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Joe Penner and Oakie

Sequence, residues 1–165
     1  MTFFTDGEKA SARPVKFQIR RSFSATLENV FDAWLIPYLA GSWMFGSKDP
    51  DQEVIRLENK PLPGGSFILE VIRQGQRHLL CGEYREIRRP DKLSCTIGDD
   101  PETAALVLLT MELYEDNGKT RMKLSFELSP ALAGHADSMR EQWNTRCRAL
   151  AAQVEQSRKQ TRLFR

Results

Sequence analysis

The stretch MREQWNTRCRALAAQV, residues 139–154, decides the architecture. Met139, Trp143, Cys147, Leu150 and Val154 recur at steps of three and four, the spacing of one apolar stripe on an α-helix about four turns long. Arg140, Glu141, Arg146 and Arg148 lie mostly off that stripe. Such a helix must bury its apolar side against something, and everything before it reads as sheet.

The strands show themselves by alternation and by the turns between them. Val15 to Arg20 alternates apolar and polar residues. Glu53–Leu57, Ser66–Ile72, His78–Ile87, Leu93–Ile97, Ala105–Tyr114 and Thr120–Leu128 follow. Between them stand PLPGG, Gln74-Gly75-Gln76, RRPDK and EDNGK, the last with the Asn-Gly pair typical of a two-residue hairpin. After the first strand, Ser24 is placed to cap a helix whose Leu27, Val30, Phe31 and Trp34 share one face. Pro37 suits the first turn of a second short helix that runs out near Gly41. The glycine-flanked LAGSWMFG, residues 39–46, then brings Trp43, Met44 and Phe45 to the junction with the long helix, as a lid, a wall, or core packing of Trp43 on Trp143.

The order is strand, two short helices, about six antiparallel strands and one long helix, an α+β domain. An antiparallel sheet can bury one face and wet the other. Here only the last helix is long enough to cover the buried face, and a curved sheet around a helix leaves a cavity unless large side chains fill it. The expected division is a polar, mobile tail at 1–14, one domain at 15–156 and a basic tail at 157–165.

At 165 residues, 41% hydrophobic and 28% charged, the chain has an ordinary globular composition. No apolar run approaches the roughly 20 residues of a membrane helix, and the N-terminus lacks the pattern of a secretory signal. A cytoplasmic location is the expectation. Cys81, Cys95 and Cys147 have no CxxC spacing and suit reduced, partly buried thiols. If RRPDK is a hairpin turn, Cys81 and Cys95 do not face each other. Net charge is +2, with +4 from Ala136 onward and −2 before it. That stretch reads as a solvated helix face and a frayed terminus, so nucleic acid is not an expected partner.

Star in Lively Picture / J I ^.Collegiate,” at the Earle, Is Popular Musical Film—Stepin Fetchit Gets Rousing Reception. BY E. de S. MELCHER. IF IT be treason tc say that Joe Penner is funnier without his duck-then let this be treason. In “Collegiate,” the New Year smash at the Earle which the youth of Washington attended yesterday )n a oody, Mr. Penner exhibits a new humor, a new thumb, a new smirk, a new gurgle, a new gargle or something. He attacks what remains of that ancient and honorable stage play, "The Charm School,” now remodeled to At the antics of not only thp Ppnnpr. but also tbe Oakie. the«2* Sparks, the young Langford and Betty j Grable (who has wound Mr. Coogan around her little finger)—he attacks all this with a new quantity of acting oats and is to I our way of think ing far funnier than he has ever Ibeen before. Mr. Penner is not, however, the only good thing in this sprightly musical film which at yesterday’s first sitting was re ceived with roars, howls, sighs, cries, | whistles, screams and cheers. Jack _ 1. J . i _ i U . Frances Langford. ... , ., . ‘hero of that well remembered story in which a young man inherits a girls' school and remodels it according to the swift, agreeable methods of the day. In stead of prodding the young ladies’ craniums with reading, writing and arithmetic, the svelte young things are instilled in the art of “rythmic” ♦whatever that is) and taught how to croon, holler and neigh like A1 Jolson, Rudy Vallee or even Mr Oakie him self, who at one particular moment might be Mr. Jolson himself. Mr. Oakie behaves himself very well In the girls’ school except for one dreadful moment, when, believing that Miss Langford doesn't really care for him. he reaches for a bottle, and Is caught putting away a pint by the horror-stricken heroine In person. Apart from this maddening misde meanor, he goes glibly through the various dormitories followed by the Messrs. Sparks. Penner. Gordon and Revel (tunemakers) and the cop who wants to know who the dickens Joe Penner is. When Joe Penner finds out at last that he is Joe Penner the plot is practically solved. Paramount has fingered this theme With the utmost devotion. For the eweet young head of the school they have borrowed Frances Langford from the radio and made her one of the new young starlets whose face from now on will probably adorn many a Central High student’s dressing bu reau. From somewhere else they have seized upon that new small bombshell, Betty Grable. who we imagine may be the angel of many a Western High student's dream. And from some where else they have hired the most hideous collection of old hens in the •world and typified them as school marms—a state of being which we should think would rouse all hand some schoolmistresses to small if not larger fury. Paramount has also collared that cagy clown, Ned Sparks, called him “sour-puss” and flung him into the midst of this “charm school.” His reactions to his unfamiliar environ ments are among the best things in the film. And as he treads around on the heels of Messrs. Penner, Oakie and Lynn Overman, the cup of fun in this lively charade seems to be overflowing and you understand why there is not only “standing room only” advertised outside the theater, but also why there is not even standing room only inside. In other words. Mr. Payette’s Earle has what is known as a howling suc cess on its hands this week. * * * * T)ART of this is due, of course, to the presence of Stepin Fetchit in person on the stage—one of the Pox film company's most popular people. Mr. Fetchit, you will recall, has never moved faster than a snail during his film career and the mere effort to raise his voice has often plunged him into sorrow. When he isn't sleeping (according to his creed) he is wishing that he was sleeping and the chances are that his most popular role would be one in which he could nod gently throughout the entire film. Mr. Fetchit (who off stage is prob ably as alive as any one else) exhibits evidences of life in his appearance this week at the Earle and had only to walk out on the stage to receive the kind of a reception that even the great Garbo might envy. His act, too, was not the disillusioning kind. Keep ing very much in character he behaved the way he does in his cinemas, only once doing a dance to show that he really can huriV when necessary. His encores consisted of sending out his valet to bow for him! Another excellent act was presented by the Pollygogs who come from the French Casino. They deserve every bit of the enthusiasm shown them yesterday. A handsome young singer, a dancing act, and bright-eyed Miss Seiber complete the bill. * a * * VlfE have also heard this very ” minute that the Paramount Newsreel boys pulled “a fast one” on their brethren and that they not only got the President’s speech last night up to New York by 11:30, but that if you go to the Earle or the Metropolitan right now you will see and hear snatches from it. That's what we call nice and fast going 1 Capital's Drama Qroups Cash Prizes to Be Offered in One-Act Play Tourney—“Benevolent Blackmail” to Be Done at Roosevelt. BY HARRY MACARTHUR. MONEY, which always has had some uncanny manner of stimulating interest, is doing just that for the 1936 one set play tournament. Cash prizes are being offered this year for the four plays entering the finals of the tourney, and there also will be special honors for players giving outstanding performances in the preliminary con tests. The tournament will open at Roose velt Auditorium Tuesday, February 4, and the entrants will continue to pa rade their wares on February 6, 8, 11 and 13. The finals will take place February 15. Maud Howell Smith is arranging for Judges for the preliminaries, and Dorothea J. Lewis, chairman of this year’s Tournament Committee, is ar ranging for judges for the finals. Mrs. E. K. Peeples, director of the Com munity Center, is chairman ex officio ef the committee. Applieations should be entered at once, as they will not be accepted later than Monday, and provisions can be made for acceptance of only the first 20 registrations received. Even before they got to the dress rehearsal stage the people in charge of the play had to find a larger theater for “Benevolent Blackmail.” It seems Btate societies and organizations with in Government circles evinced so much interest in the drama about job jug gling and other political whatnot that an auditorium had to be found with more seats than the one first selected, 6o the play will have its world premiere January 21 at Roosevelt High School auditorium. Mrs. Miles C. Allgood, wife of the former Representative from Alabama, has been recently added to the cast, which is headed by William E. Bryant and Paulette Parent. Howard F. Went worth is assisting Technical Director i" Edith I. Allen and Harrold A. Wein berger is directing the play. The Columbia Players are all ex cited over having their first repertory play in rehersal. which, after all, is something to merit a bit of excite ment. The play is Chekhov's “Uncle Vanya,” to be presented at Pierce Hall, January 15 and 16, almost a year after the players' original pro duction of the drama. Aurora Poston is directing and Eileen Fowler, Dorothea Lewis, Dorothy M. White, Elizabeth Dyer, Arthur Westover, Wayne Bobst, Wade Robinson, Joe Bourne and Oliver Anderson are in the cast, which is the same personnel as in last year's production. Jane Lasater Rubey's sets are the same and Maria Howard's costumes are the original ones, so it’s real repertory. The Pierce Hall Players are forming the first Washington Verse Speaking Choir, under the direction of Elinor Cox Karsten, next Tuesday evening at Pierce Hall. At this first meeting Miss Karsten will outline her plans and there will be a brief talk by Elizabeth Shepherd, who will tell of her experience with choral groups in Europe. Miss Karsten. who is well known here for her acting work with various local groups and with the National Theater Players, has just completed a special training course in choral speaking in New York, studying under Miss Marjorie Gullan of London, founder and developer of this branch of dramatic expression in Scotland and England. r Genealogical Society to Meet. Dr. Henry S. Jacoby will speak to night at the monthly meeting of the National Genealogical Society at the Y. W. C. A., Seventeenth and K streets. His subject will be “Some Recent Genealogies.”, Woman Starves With Food Nearby, $30,000 in Bank Brother-in-law Is Found Near Death in an Ad joining Room. By the Associated Press. NEW YORK, January 4.—More than $30,000 in the bank and a plentiful supply of food nearby, Mrs. Anna Cloutier, 60, was found dead of starva tion yesterday in her three-story Bronx home. The shrunken body was found in a bed in an unheated room. In an adjoining room, unable to leave his own bed, her brother-in-law, Amedee Cloutier, 60, was found shaken with palsy and near death from star vation. They were discovered when neigh bors summoned police after water pipes burst, in the Cloutier basement and began flooding basements. It was believed that during the cold wave, both were taken ill and neither was able to help the other. There was a supply of bread, meat and milk in the kitchen, but appar ently neither was strong enough to reach it. Where and When — Current Theater Attractions and Time of Showing. Loew's Fox—"The King of Bur lesque,” at 10:40 a.m., 1:45, 4:25, •7:10 and 9:50 p.m. Stage shows at J2:35, 3:30. 6:15 and 9 p.m. Earle—"Collegiate,” at 10 a.m. 12:20, 2:40. 5, 7:30 and 9:50 p.m. Stage shows at 11:30 a.m., 1:50, 4:15, 6:40 and 9:05 p.m. RKO-Keith's — "I Dream Too Much," at 11:34 a.m., 1:35, 3:36, 5:37, 3:39 and 9:40 p.m. Palace—“The .Llttlest -Rebel,” -at 11:15 a.m., 1:20, 3:25, 5:30, 7:35 and 9:45 p.m. Metropolitan—“Show Them No Mercy,” at 11:20 a.m., 1:25, 3:30, 5:35, 7:40 and 9:45 p.m. Columbia—“In Old Kentucky,” at 11:25 a.m., 1:30, 3:35, 5:40, 7:40 and 9:45 p.m. Belasco—“The New Gulliver,” at 12:23, 3:21, 4:19, 6:17, 8:15 and 10:13 p.m. Tivoli—"Mutiny on the Bounty,” at 2, 4:30, 7:05 and 9:20 p.m. Ambassador — “The Rainmakers,” at 2, 4, 6, 7:50 and 9:45 p.m. Little—“One Night of Love,” at 11 a.m., 12:53, 2:28, 4:32, 6:06, 7:52 and 9:46 p.m. ■ —-:---:— --r - —^ limn——— Warner Baxter and Alice Faye have the principal roles in “King of Burlesque," new musical comedy on the “Forty-second Street’’ pattern, which opened yesterday at Loew’s Fox Theater. Jack Oakie Featured in New Film — “King of Burlesque” Also Stars Baxter and Alice Faye. THIS is Jack Oakie week in town. Although "The King of Bur lesque." able, tuneful and agreeable musical film now playing at Loew's Fox, stars Warner Baxter, and a very good Baxter at that, the kind you remember from the days of "42nd Street,” since Mr. Oakie is playing in two new films at once It is evident that Oakie-ism is the main factor in the week’s entertain ments, and next to Lily Pons is prob ably the seasons greatest surprise. There was a time, not so long back, when it was apparant that the great Oakie was slipping. His cheeks had spun apart and jagged jowls had made their somewhat unwanted appearance. Females said he lacked what it takes, and the huskier race began to think him less comical than in his earlier days. Now suddenly Oakie pops up again as bright as a new dime and an im« portant factor to any film which might happen to have him. While in "The King of Burlesque” he does not step on Mr. Baxter's excellent toes, he does give a bang-up perform ance—and we. for one, are inclined to wish him from now on health, happi ness and more and more cinemas. At the risk of a leer from the intelli gentsia, we may almost go so far as to say that one of these days Oakie (if he keeps himself down) may be come one of the really important actors. Hie new film in which he and Bax ter and a lot of other nice stars ap pear this week at the Fox has mucic that will last. Fats Waller, who also will last; Alice Fay, who, while she may not last, at least is easy to look upon; Nick Long, jr., who dances like nobody’s business; a night club which is probably the peer of all such things, and Baxter as the despairing producer who time and time again gets it in the neck. Hie combination of all these people and things, plus a good enough story and Mr. Baxter’s per suasive manner, makes the film some thing that you will definitely want to see. The stage show presents Leon Na vara and his orchestra in music and whatnot that rings the gong with a vengeance; a Charlie Chaplin, as done by Frank Conville, which is just about as good as the gentleman in person; the Lynn Burno Revue, which has some good dancing done by Dorothy Arden, Florence Hedges, Violet West and Teddy Wren—and—here the boys from the sports world are having their Inning—A1 Schacht—clown, comic and whatnot—in an act that people want more and more and more of. Mr. Schacht also plays base ball. E. de S. M. CAUSE AND CURE OF WAR PARLEY TO DRAW MANY Delegates From 11 National Women's Organizations Will Attend Conference Here. Delegates from 11 national women’s organizations will attend the eleventh annual conference on the Cause and Cure of War, to be held here from January 21 through January 24. “Roads to Peace” will be the gen eral topic for the conference, accord ing to Miss Josephine Schain, chair man of the Conference Committee. Mrs. Kendall Emerson is program chairman. Mrs. Franklin D. Roosevelt will be a speaker at a conference banquet on the evening of the opening day. Other banquet speakers will be Mrs. Carrie Chapman Catt, honorary chairman of the conference, and Miss Kathleen D. Courtney, acting president of the Dis armament Committee of Women’s In ternational Organisations at Geneva and head of the British Women's Peace Crusade. W. C. T. TJ. to Train Teachers. EVANSTON,.111., January 4 <*»).— The W. C. T. D. opened yesterday a national training school for teachers, designed to equip them with the latest data available to combat the alcohol problem. The school will last three months. Washington Wayside Random Observations of Interesting Events and Things. MERCY MAKES MUSIC. AUSE and effect make good stories. For instance, passerby at 2112 F street occasionally he notes of a well-played ac i these days, all because some #o a young Utah school teacher , piayea good Samaritan to a sheep ■ herder. The latter was marooned on a i mountain side, unable to move a port | able camping outfit which turned out 1 to be not so portable as It was de I dared to be. The school teacher gave j him and his outfit a lift, at the end j of which the sheepherder insisted upon some form of payment. He fixed upon his accordion as a medium of exchange, and nothing could change his mind. The girl finally took it, in the mood if not with the manner of one acquiring a white elephant. To make a long story just one par agraph longer she took it home, learned to play it. replaced it finally with one costing $650, moved to Wash ington, is studying with one of the country's best teachers, and praottces regularly—and pleasantly. * * * * PLOT? Many of the parents in the Broadmoor Apartments still are wondering whether they were the victims Thursday of a misunder standing or a carefully laid juvenile plot. The Christmas vacation ended on that day for most of Washington’s school children, but a number of those who live in the Broadmoor apparently had told their parents how fortunate they were in having the rest of the week. The dark plot came to light when the evening papers were delivered. * * * * HEIGH-HO. STENOGRAPHERS in the miscel laneous tax unit of the Bureau of Internal Revenue are making many and varied guesses as to why a rep resentative of Uncle Sam should want to know their exact heighth. One pert miss surmised that the of ficials wanted to know how many yards of stenographers are employed. Others, with a hopeful gleam in their eyes, feel that the statistician may have been a “scout” from the "Follies” or the "Scandals.” * * * * “NOM.’* JOHN A. REMON, general manager J of the Chesapeake & Potomac Telephone Co. tells a story about two small boys, about 10 years old, who recently went into one of the dial ex changes and asked to be shown through the office. The chief operator, thinking to put them at their ease, and incidentally learn how much they already knew about the telephone, asked them if they had dial telephones at home. ‘'Yes’m,” they replied in unison. The chief operator hesitated about her next question and decided to make it as simple as possible. “Do you dial your own numbers?” she asked. "No’m,” was the answer. "You don’t?” "No’m—other people's.’* * * * * KEY MYSTERY. A MEMBER of an old Virginia family, a lady of rather ad vanced years, who makes her home at an Alexandria hotel, returned from a walk.the other afternoon. She was tired and complained of an aching foot as she approached the desk and requested her key from the clerk. She was quite annoyed when the attendant told her it was not there. In no uncertain tones she demanded that a search be made for the miss ing key, which is of rather generous proportions, with a fiber disk with the room number attached. While everybody, from bellhop to manager, joined in the key hunt the woman sought an easy chair in the lounge. There, to relieve her aching foot, she removed her shoes. The operation brought immediate relief to every one. The missing key fell out of the shoe. * * * * SLANGUAGE. The Army Air Corps Training Center, though young in years, is rich in idiomatic expressions and aeronautical slang. Officers arriv ing in Washington from the center use such phrases as: "Get eager," meaning to strive to the utmost: "gun," to gun anything is to have a waiter get if for you: "rats," those little rolls or balls of lint and dirt which accumulate upon the floor and are most noticeable when standing at attention during an in spection of quarters: "mice," little rats: "pop it out,” to expand one's chest to the limit: "spin in," to fall down or get excited; "storm," the condition one is in when he is ex cited and doesn’t know what he’s doing. * * * * DENTAL NOTE. yj^HILE prowling in the snowstorm recently. Operative 13 came to the corner of Missouri avenue and Third street. As he watched he opened his mouth, reached up calmly and re moved his teeth—uppers and lowers. He put them in his overcoat pocket. It was one of those things which could not be allowed to go unex plained—even by a stranger. The operative asked why. Said the gentleman, quite without a trace of annoyance in his voice: “My teeth were chattering, and I saw no reason why I should make myself feel any colder than I am.' NURSERY SCHOOLS AWAIT PERSONNEL Qualified Workers on Relief List Lacking—Ten Centers Were Being Operated. Reopening of District nursery schools as a program financed by the Works Progress Administration has been postponed until Monday, due to delays in finding sufficient number of qualified workers on the relief list for assignment, officials announced yes terday. Ten nursery centers, five white and five 'colored, formerly were operated by the District out of its relief funds. They were abandoned in November, however, to save funds. Officials say 10 dieticians, 10 teachers and 10 nurses are needed. Seven teachers, three dietitians and four nurses have been found on the relief list. The number of nursery schools to be opened will depend on approval by the Board of Education of using prac tical dietitians and nurses to fill out the force, officials said. Named Bible Class Teacher. James Solt, grand master of the Independent Order of Odd Fellows, has been appointed teacher of the newly organised Men's Bible Class of Atonement Lutheran Church. The first meeting of the class will "be held at 9:45 a.m. tomorrow. The group, organised by Martin A. McGrory, has a membership of 35. Work on Movies Begins In “Break-Down” Process Each Department Must Have Script to Pre pare for Shooting and to Estimate Probable Expense. BY MOLLY MEBBICK. HOLLYWOOD, January 4 (N.A.N.A.).—Just what does money mean on a Hollywood lot? How much does a studio have to consider tht finan cial side of a production, even If the story is "tops" in its opinion? The answer Is obvious when I tell you how a motion picture Is produced and what distribution and business consideration is given the script before it is put into actual producton. - , To begin with, the procedure Of sending copies of accepted motion picture _a- at_1_J - _ M ....i..,. Am a__ - OVlipbe IU UIV itVCIUO MUIVUO wow. I partments Is known around the Holly wood lots as “breaking down” a script. Before the wheels of production can turn, all the skill and Ingenuity of a score or more departments may be called upon to find Jpst what their particular parts of the story will cost the company when the I'm is made. Imagine, for Instance, what a tre mendous task it was to "break down” the script of “Anthony Adverse.” Here’s the way It’s done: As soon as the stenographic depart ment finishes copying the script, copies are sent to the following de partments: Camera, casting, electrical, location, sound, property, transporta tion, dance, music, wardrobe, make-up. cutting, publicity and perhaps one or two others that I have forgotten. Each Plots Activity. The head of each department pro ceeds to read the script an# make "plots” of his particular activity in the story. The cameraman, for instance. Is interested In day or night scenes. It may make a lot of difference in the cost, whether day scenes are such that they have to be filmed at night on a stage (and this has often hap pened), or whether the scenes call for certain lamps and changes of light during the action. He must consider walls and the costumes that will be photographed against them. He must understand how to place his camera angles and just how much this action will cost, both in workers and equip ment. The casting director gets the script and proceeds to visualize it as he reads. Trooping through the script are “old men,” "bankers,” "social dowagers.” “cutthroats,” “toughs,” “cowboys,” etc. He makes a list of the people he thinks might do these parts well and proceeds to call them and dicker about financial arrange ments before he suggests their names as possible players in the picture. Why? Because he knows the costs of his particular department must be kept down to a certain amount. Other Problems Involved. Imagine, then, the problems that confront the "location man,” who has to find typical outdoor scenes to fit the story; the “sound man.” who must reproduce wha'tever sound effects the plot calls for; the “property man," r who has to produce anything from a Victorian antimacassar to an ancient Egyptian vase. After these apparently simple mat ters are settled, think how the mem bers of the picture personnel feel if their "art” is neglected in putting a story together. Imagine how the “dance man” feels if enough convinc ing spots aren’t made for his perfectly drilled Hollywood beauties. He’ll fight for three minutes in the picture, be cause his job may depend on it. Then we have the talented ones who write music for pictures. They i feel that the picture should really be written to display the charm of their musical numbers. The men and women who create screen wardrobes are another group who consider their work mighty im portant. And rightly so. What would some of the film great look like if they weren’t dressed by artists? These people study the defects of the beau ties they dress and do everything in their power to hide them, while they bring out the charms that might be hidden if their clothes weren’t de signed by artists. • Make-up is Important. Make-up artists, too. play an im portant part in films. Many an ordi nary looking person has been trans formed into a youthful, raging beauty by the man who, patiently and with great 'art, paints a face on her and gives her those luxurious eyelashes that nature may have forgotten to add to her charms. If this gives you a rough idea of just why Hollywood studio workers are en titled to a long vacation or a minor nervous breakdown once a year, you'll be a step nearer the inside of a lot than you have been before. After all these things are fought out and settled, after estimates have been handed in and scenes and plot cut down to fit them, we have the present day motion picture as a result. And ! it’s something that we may be justly proud of in the end. Perhaps all this striving and bargaining helps to make a finished film the smooth, well-bal anced product it is. At any rate, it's ; Hollywood, with never a dull moment for any one even remotely connected i with pictures. I (Copyright. lM.'ifl, by the North American i Newspaper Alliance. Iac> No Criminal Prosecution Is Planned, U. S. Attorney Says. No criminal prosecution will reeult from the grand jury investigation into the disappearance two years ago of $7,000 in bonds from the local hotel room of Henry O. Hart, former accountant for G. Bryan Pitts, it was announced yesterday. Assistant United States Attorney Charles B. Murray said the jury was unable to determine whether the bonds were stolen, or, If stolen, who was responsible. Shortly after the jury completed its quiz of Mrs. Lucille Fuller, long sought witness, yesterday afternoon, Hart was called into the jury room. He had testified at length some time ago. When the jury finished with him, Murray announced the investi gation was closed. He later divulged that no grounds for indictment had been found. Bonds Found in Baltimore. The bonds disappeared in Febru ary. 1934, while Hart was ill. Hart reported the loss to police but heard nothing of the securities until last October, when they were located in Baltimore lr. the possession of en at torney there. They were traced back through sev eral hands, Murray said, but no crimi nal action could be shown. Witness Conies From Miami. Mrs. Fuller came here from Miami. Fla., to testify. Hart accompanied her to the oourt house and waited outside the closed doors of the grand jury room while she was being ques. tioned. The bonds in question were part of a $40,000 lot Hart said he purchased from the F. H. Smith Co., which col lapsed several years ago, bringing loss to thousands of Investors. Pitts, Its president, was imprisoned for a 14 year term. , .. Wife Divorces Film Actor. LOS ANGELES. January 4 C43).— Rita Carewe Mason won a divorce yesterday from Leroy Franklin Mason, film actor, after she testified he would drink and then start nourishing one of his several guns. Mrs. Mason Is the daughter of Ed win Carewe, film producer. MEETING IS POSTPONED Chillum Heights Citizens to Elect In February. Absence of a quorum, attributed to interest in the broadcast of the Presi dent's message to Congress, resulted last night in the postponement by the Chillum Heights Citizens’ Association of its scheduled meeting. Matters due to come before last night’s session will be considered at the regular February meeting, at which time the annual election of officers wiU be held. SEES PROSPEROUS 1936 Central Labor Union Head Opti mistic for Building Trades. John A. Locher, president of the Central Labor Union and secretary of the Washington Building Trades Council, today predicted a busy and prosperous 1936 for the building trades in Washington. Reviewing the pending and future building projects both governmental and private, Locher said there will be much work for organized labor, par ticularly in building trades. BAND CONCERT. I By the Soldiers' Home Band Orches tra at Stanley Hall at 5:30 pjn. today. John 8. M. Zimmermann. bandmaster; Anton Pointner, associate leader March, ‘‘Anna of America,”_Pryor Overture “Plying Artillery,’* Borgenholts Entr*Acte, (a) “Reve Apros le Bal'* (“Dream After the Ball”). .Boustot (b) "Polish National Dance,” No. 1.8ch*rarenka Excerpts from musical comedy, "The Band Wagon” ..Schwartz Characteristic, "March of the Dancing Dolls” .. Cobb Waltz suitev "Spring, Beautiful Spring” .. Uncke Finale, “The American Legion,” Vandersleet “The Star Spangled Banner.” CALENDARS DIARIES BLANK BOOKS See ear biff stock at popalar prices. C. Morrison) Paper Co. imrs-AMb finhmiimi E;.*’• * v;* !::1 . -*■ * , I DANCEI _AMUSEMENTS. *um ^— wws r£A*s happiest vus/CAtV^C mmxnm # A Pittwni H|t until 1 I J0EPERHE1 ★ JACK OAKIE i On Sun \ STEPIN FETCHIT/ ^ AND OTHER ACTS H ££& KEITH'S 1%g ImQtII a WASHINGTON INSTITUTION 1Tb* Gr«al**l Coloratura in tb* world it on tb* screen! LILY PONS ii I DREAM TOO MUCH* with HENRY FONDA MUIIC IV JEROME KERN Coining...IRENE DUNNE ia “Th* Magnificent Obsession'* GAYETY BURLESK SUrtinr Sunday Matinee The Russian Beauty “NADJA” \ and DIAMOND AND FAYE STEAMSHIPS. MEDITERRANEAN and all Europe—De Luxe service on famous express liners via ■the smooth Southern Route. . fTAtJAN LINE; aaa Sth Ave.. New York. WHERE TO DINE. ___ AMUSEMENTS. B National I I Etm.. 5Je-li.75: Wed. Mat. S5e- 3B|i tl.gfi; gat. Mat.. 55t-i;.!0 doe tax) M. SKATS SELLING. ■' Brock Pemberton Will Present fTOj' By LAWRENCE RILEY 9 Stated by ANTOINETTE PERRY Direct fram 6 wks. in Phila. M [ WARH ERBAXTE R I \ XING of BURLESQUE! i | wait ALICE FAYE'JACK OAXIE \ W \ LCON NAVARA- \ 1 \ HOTEL ST.MORIT2 ORCH. I 3 m SM/AL SCHACHT | ilia ceorci civoT-&reimviA mooi 3 2nd WEI K.I \ * M SHIRLEY TEMPLE \ | 1 \ ‘TZs L1TTII5T REBEL \ * \ With JOHN EOLEf-EILl ROBINSON 1 3 ntwtfTMffliii 1 . \ w^ RONALD COLMAN 1 \ ELIZABETH ALLAN L CAST OF i,000 . j mbmi'i-ivKrrrmm I [WILL ROGERS I \MN OLD KENTUCKY* Wht« S \ DOROTHY WILION-ULL E0IINS0n\ 40F :ljS ACADEMY “'-KWBET" j E. Lawrence Phillips’ Theatre Beautiful Continuous Prom 1 :OU P.M. NANCY CARROLL in ••AFTER THE DANCE." E REX LEASE in _“THE GHOST RIDER _ !. ACUThN CLARENDON. VA. njll 1 UII CARY GRANT in THE LAST j OUTPOtW." Serial and Pope ye PAROIINA llth * n. c. AtcT ii. WtAULlnA JACKIE COOPER in k, “DIWKY^, and 'THE THROWBACK_ ; (NEW) CIRCLE rSX&t HARRY CAREY. HOOT GIBSON In "POW- ’ DERBMOKE RANGE." “March of Time ' j DUMBARTON ^"ToT^S; ! ‘IVORY HANDLED GUNS.” “Call ol H the Savage.” No. ri. Comedy f FAIRLAWN ANACOSTIA-D7C.— J BUCK JONES in "SUNSET TRAIL "_ I ITTI F bill Between r and Q [ L.11 I LX. Acon.tic.n Equipped Last Time Today _GRACE MOORE in >, “ONE NIGHT OF LOVE.” _Also ‘Three rattle Pits" PRFNfFRS 11,9 H st. n.e. rnintuo ben lyon m ■ prisco , WATERFRONT " JOHN W A Y N E in "THE DAWN RIDER." CUpn 82*4 Geortia’Ave. uEiLeVl Silver Sprint. Md. Continuous From 1:00 P.M. :'; Double Peature. JEAN ARTHUR and ALL-STAR CAST In “PUBLIC MENACE.” JOHN WAYNE in "RIDE EM COWBOY." ) • CALL OF THE SAVAGE " Chapter 8. _Cartoon. Universal News._ STANTON «th and C Sis. N.B 1 >31 nil lUIl Finest Sound Equipment Continuous From 1:0(> P M. "BORN FOR GLORY GEORGE O'BRIEN In A HOLY TERROR "_ CTATF ... “TBe Modern Theater” Olnlb eiMTU Wise. Are., ttethesda, M0. Two Featres—TOM BROWN to 'i “FRECKLES.” Also ZASU PITTS and JAMES GLEASON in ii “HOT TIP.” TAKTIMA 4>h *nd Butternut Sts. lAM/ITlA No Farklnt Troublei Continuous From 1:00 P.M. EDMUND LOWE in “GRAND EXIT.” TOM BROWN in ' “FRECKLES.” And PflFfl Rbnrt Riihi*rti M HIPPODROME * Today*** 1 .3 JOAN CRAWFORD in * “I LIVE MY LIFE.” J CAMEO ** DoSjfe^pfr.'ur?**' | 72 John Wayne. “Rainbow Valley.” t/3 Zaau Pitts. “Affair of Susan "_ u. A DP AM? hyattsvii.le.md. O nnLnLFt Double Feature George O'Brien. “Thunder Mountain.” e Zasn Pitts, “She Gets Her Man " •S RICHMOND ' a. JJ Gary Cooper. “Peter Ibbetson.”_ £ MILO BOCK^nXE. ' D. ^ Buck Jones. “Outlawed Guns '*_‘ AMBASSADOR J5‘h & MS& WHEELER and WOOLSEY In “THE RAINMAKERS " Musical._ APOLLO flrU-eH Li* 3& Double Feature—Show Start! I P.M, * "BAD BOY." "TRANSATLANTIC TUNNEL.'' “Great Air Mystery." _No. 2__ AVAl ON C®BB- Are. A McKinley n V nLUIt St. N.W. CL 2000 rj THE THREE MUSKETEERS." "Oreat OS Air Mystery." Ho. 4,__ E AVENUE GRAND §2.IT;£& ‘J Double Feature—Show Starts I P.M. DRESSED TO THRILL." "WHIS U PERINO SMITH SPBAKa"__ * CENTRAL rm Big Doable Feature! GEORGE BRENT in "IN PERSON ” • WHEELER and WOOLSEY In "THE C/3 RAINMAKERS."_ O mi fINY G»- Aye. A Farrarut ev* St. N.W. Oe. MM "TRANSATLANTIC TUNNEL." "Great OQ Air Mystery." No. ”■ Musical_ KOMC 12SO C St. N.E. C/3 numc. Phone LI. IF!W Doable Feature—Show Starts > P.M. fiC ‘THIS IS THE LIFE." WALTER CON j NOLLY In "ONE-WAY TICKET" 9* PPNN P«>n. Are. S*. Between ^ rtnn eth and «h *ts. fifi WHEELER and WOOLSEY In 'THE 3 RAINMAKERS " Regular Kids._ 4 C A VflV 14th St. A Cel. Bd. N.W. »C 3AVUI Phone Col. 4Oft* P"^ FREDRIC MARCH. MERLE OBEROH In "THE PARK ANGEL “_ TIVOLI ““AiSpay1* Mstlnee. 2:00 P.M. CLARK GABLE In “MUTINY ON THE BOUNTY.” "Orest Air Mystery." No. 4, -_ YORK p&. ft*. *c«r.. WALTER C. KELLY In “THE VIR GINIA JUDGE " Kiddle Musical. JESSE THEATER18?!.*^ Double Feature. .a “CASE OF THE MISSING MAN." with r3 ROGER PRYOR and JOAN PKRRV. CSX "IVORY HANDLED GUNS." BUCK S JONES. Serial. Cartoon. Mat Si lnee. 1:00 F.M.__ | SYLVAN s STORM OVER ANDES " JACK HOLT, = “ALIAS BULLDOG DRUM! OND ' ' 5 JACK HULBERT and FAY WRAY. OS Serial. Cartoon. Matinee 1:00 P.M. g PALM THEATER n\rr’ r Added Attraction. Serial. Cartoon.